Introduction to Project Reporting

If you don’t know how to report on your project, then your project is not only getting away from you, but your stakeholders aren’t going to be happy. Jennifer Bridges, PMP, shows you the basics of project reporting.

Here’s a shot of the whiteboard for your reference!

Introduction to Project Reporting


In Review: Intro to Project Reporting

As Jennifer noted, if you’re leading a project, even before you begin that project, your stakeholders will want to know… Where’s the report? That alone should explain the importance of project reporting.

Project reporting is the use of formal and informal reports to communicate the status of your project. But rather than think of them as a chore, think of reporting as a tool. It’s a way you can manage expectations from your stakeholders and team members, as well as provide the scope, time and budget for your project.

Related: Free Project Status Report Template

So, what are the essentials that you must know if you’re reporting on a project? These are the four essential project reports:

  1. Project Status
  2. Resources Workload
  3. Timesheets
  4. Expense Tracking

The key is automating those reports with your project management tools so you spend more time managing your project and less time reporting on it.

Pro-Tip: There are many kinds of project reports, and it’s best you familiarize yourself with them in order to know which is best for you and your project. Jennifer has another video called, Top 5 Types of Project Management Reports, that will prove helpful.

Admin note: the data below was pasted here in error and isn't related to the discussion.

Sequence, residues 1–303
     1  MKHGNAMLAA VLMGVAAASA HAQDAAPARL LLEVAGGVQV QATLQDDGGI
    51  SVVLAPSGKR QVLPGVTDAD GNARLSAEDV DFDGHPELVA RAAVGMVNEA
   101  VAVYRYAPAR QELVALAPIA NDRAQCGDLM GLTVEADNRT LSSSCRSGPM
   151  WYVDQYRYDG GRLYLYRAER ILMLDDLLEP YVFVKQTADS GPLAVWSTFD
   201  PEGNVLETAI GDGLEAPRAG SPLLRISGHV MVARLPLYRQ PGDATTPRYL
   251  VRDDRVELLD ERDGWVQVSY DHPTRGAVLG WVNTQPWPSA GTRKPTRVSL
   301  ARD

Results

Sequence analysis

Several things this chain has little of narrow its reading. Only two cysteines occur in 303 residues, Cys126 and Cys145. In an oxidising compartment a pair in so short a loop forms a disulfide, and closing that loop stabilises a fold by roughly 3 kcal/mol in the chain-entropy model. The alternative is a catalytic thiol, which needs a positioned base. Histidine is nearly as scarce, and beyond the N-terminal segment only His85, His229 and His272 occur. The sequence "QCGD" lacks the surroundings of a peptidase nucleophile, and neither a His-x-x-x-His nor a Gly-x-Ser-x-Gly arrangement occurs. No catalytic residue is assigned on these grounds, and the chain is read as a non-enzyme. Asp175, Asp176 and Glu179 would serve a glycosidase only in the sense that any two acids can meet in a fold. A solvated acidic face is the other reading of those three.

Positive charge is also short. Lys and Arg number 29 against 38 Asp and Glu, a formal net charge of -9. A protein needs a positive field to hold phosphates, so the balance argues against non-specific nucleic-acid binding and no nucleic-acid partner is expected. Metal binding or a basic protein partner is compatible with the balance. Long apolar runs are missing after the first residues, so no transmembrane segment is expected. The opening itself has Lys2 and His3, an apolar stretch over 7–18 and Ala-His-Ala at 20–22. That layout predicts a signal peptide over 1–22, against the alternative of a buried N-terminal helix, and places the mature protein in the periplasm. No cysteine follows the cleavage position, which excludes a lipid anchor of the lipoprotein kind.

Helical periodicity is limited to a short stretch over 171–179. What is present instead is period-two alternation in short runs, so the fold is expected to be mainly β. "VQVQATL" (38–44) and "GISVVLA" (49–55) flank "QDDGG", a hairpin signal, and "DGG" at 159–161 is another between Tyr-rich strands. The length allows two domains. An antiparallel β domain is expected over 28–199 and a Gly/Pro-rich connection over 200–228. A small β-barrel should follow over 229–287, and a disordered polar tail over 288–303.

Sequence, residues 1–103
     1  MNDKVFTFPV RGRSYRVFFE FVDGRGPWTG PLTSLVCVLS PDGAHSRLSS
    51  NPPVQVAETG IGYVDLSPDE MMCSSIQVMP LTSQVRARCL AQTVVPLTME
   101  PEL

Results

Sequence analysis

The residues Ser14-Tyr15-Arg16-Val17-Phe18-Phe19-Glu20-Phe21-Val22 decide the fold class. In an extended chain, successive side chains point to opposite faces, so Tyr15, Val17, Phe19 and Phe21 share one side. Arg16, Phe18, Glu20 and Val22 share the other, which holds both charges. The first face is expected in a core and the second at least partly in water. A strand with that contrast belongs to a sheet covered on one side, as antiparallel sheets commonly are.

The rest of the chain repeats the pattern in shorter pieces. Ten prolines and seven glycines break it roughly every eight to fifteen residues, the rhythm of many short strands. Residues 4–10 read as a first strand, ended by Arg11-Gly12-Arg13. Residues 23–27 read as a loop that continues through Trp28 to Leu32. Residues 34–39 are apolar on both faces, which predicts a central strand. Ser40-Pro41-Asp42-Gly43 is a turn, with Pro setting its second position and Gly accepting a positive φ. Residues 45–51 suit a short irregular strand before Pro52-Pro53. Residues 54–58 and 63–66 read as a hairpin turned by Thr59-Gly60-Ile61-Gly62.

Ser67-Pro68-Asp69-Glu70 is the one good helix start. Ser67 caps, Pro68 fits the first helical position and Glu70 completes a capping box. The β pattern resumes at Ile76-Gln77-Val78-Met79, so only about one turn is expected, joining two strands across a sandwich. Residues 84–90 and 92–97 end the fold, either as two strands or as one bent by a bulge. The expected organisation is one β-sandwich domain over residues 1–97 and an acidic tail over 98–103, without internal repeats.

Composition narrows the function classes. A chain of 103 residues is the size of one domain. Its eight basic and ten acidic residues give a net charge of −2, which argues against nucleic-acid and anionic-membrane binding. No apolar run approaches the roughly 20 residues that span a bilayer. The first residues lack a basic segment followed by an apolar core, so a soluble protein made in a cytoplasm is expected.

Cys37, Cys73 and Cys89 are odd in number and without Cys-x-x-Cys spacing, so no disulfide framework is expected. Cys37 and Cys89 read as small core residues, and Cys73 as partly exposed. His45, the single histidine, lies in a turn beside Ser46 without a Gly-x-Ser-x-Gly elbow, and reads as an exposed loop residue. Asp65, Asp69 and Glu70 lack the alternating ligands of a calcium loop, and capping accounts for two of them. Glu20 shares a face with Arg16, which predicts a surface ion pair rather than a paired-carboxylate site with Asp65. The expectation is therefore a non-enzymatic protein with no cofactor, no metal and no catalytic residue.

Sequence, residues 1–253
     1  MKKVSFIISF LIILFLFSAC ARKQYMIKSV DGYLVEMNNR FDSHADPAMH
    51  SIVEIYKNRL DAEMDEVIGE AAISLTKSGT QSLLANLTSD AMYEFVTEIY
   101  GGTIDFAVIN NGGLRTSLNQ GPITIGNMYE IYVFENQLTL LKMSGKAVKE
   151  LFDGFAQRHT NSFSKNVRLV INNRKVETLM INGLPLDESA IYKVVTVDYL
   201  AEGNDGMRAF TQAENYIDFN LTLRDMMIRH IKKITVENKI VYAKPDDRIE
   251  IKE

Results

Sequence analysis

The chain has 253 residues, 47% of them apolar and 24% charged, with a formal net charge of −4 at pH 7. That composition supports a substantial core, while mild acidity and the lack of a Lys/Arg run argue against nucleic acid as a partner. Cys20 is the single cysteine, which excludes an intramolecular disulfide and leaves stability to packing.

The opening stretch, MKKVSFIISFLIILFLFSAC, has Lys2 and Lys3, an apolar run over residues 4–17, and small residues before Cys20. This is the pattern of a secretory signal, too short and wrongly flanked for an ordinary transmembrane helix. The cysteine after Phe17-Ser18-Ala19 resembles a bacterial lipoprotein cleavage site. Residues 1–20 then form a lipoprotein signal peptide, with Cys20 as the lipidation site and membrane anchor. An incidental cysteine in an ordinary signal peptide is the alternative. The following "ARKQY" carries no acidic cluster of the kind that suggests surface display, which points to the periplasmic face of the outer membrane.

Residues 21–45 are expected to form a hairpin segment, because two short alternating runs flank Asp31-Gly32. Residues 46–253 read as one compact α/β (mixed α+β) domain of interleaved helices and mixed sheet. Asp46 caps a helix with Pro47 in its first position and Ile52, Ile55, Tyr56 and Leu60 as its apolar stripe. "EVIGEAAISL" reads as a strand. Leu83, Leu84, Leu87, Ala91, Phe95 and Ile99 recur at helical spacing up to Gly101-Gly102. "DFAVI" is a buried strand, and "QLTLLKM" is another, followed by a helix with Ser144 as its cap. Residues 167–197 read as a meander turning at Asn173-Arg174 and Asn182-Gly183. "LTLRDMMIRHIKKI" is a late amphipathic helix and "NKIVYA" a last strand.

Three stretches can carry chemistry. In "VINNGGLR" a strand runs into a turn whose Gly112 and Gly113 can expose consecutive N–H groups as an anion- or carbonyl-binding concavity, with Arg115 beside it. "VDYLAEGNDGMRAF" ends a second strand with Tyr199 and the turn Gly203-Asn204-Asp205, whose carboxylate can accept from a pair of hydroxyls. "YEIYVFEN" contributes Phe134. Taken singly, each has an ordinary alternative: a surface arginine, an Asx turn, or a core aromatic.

Thanks for watching!

Video Transcription

Well, today we’re talking about the introduction to project reporting. Before you even get out of the gate, one of the first questions your stakeholders or team will have for you is, “Are we there yet?” So let’s talk a little bit about project reporting, and why that’s so important.

Project reporting is the formal and informal reports provided to communicate the status of the project. It’s also done in a regular interval throughout the project. That frequency is set with your stakeholders. So why is project reporting so important? It manages the expectations of the stakeholders, and provides the project status of your scope, time, and your budget for the project.

What are some of the essential project reports? Number one is your project status. It gives an overall summary of these things, your tasks. It indicates whether they’ve been completed or whether they’re late. It also provides information about your schedule, and the variance. Are you ahead of schedule? Are you behind schedule? Also, your cost variance. Are you over budget? Are you under budget?

Also, risk. It indicates the risks that may occur or have occurred on your project, and how you plan to mitigate those. It also indicates any issues that have arisen on the project and what is the status of the issues. Also, the changes that have occurred, and the change requests and how those may impact your project.

Also, the resource workload is very important, because it identifies the resources working on your project or other projects, and of those resources maybe where there are overloads so you can do some resource reassignments. Also, the time sheet reporting is important because that’s where your project resources allocate their time towards the project.

And also, your expense tracking. You want to capture the expenses directly and indirectly related to your project, because it impacts your budget.

If you need a tool to help you with your project reporting, then sign up for our software now at

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